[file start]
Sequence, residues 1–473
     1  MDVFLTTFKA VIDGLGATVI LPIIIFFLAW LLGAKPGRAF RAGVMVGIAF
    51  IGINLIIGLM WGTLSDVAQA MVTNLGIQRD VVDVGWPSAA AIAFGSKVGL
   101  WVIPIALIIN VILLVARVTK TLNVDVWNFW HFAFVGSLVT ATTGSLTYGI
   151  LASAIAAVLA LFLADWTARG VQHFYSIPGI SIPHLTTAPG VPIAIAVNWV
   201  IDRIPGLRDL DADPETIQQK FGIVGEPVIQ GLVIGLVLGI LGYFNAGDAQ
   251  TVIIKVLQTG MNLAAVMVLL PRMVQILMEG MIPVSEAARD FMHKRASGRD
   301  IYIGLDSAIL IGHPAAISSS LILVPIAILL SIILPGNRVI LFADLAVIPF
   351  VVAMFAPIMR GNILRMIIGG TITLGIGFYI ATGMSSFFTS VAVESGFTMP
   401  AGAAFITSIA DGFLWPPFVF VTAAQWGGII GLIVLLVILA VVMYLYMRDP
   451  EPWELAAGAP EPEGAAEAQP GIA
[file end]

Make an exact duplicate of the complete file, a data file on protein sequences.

Sequence, residues 1–473
     1  MDVFLTTFKA VIDGLGATVI LPIIIFFLAW LLGAKPGRAF RAGVMVGIAF
    51  IGINLIIGLM WGTLSDVAQA MVTNLGIQRD VVDVGWPSAA AIAFGSKVGL
   101  WVIPIALIIN VILLVARVTK TLNVDVWNFW HFAFVGSLVT ATTGSLTYGI
   151  LASAIAAVLA LFLADWTARG VQHFYSIPGI SIPHLTTAPG VPIAIAVNWV
   201  IDRIPGLRDL DADPETIQQK FGIVGEPVIQ GLVIGLVLGI LGYFNAGDAQ
   251  TVIIKVLQTG MNLAAVMVLL PRMVQILMEG MIPVSEAARD FMHKRASGRD
   301  IYIGLDSAIL IGHPAAISSS LILVPIAILL SIILPGNRVI LFADLAVIPF
   351  VVAMFAPIMR GNILRMIIGG TITLGIGFYI ATGMSSFFTS VAVESGFTMP
   401  AGAAFITSIA DGFLWPPFVF VTAAQWGGII GLIVLLVILA VVMYLYMRDP
   451  EPWELAAGAP EPEGAAEAQP GIA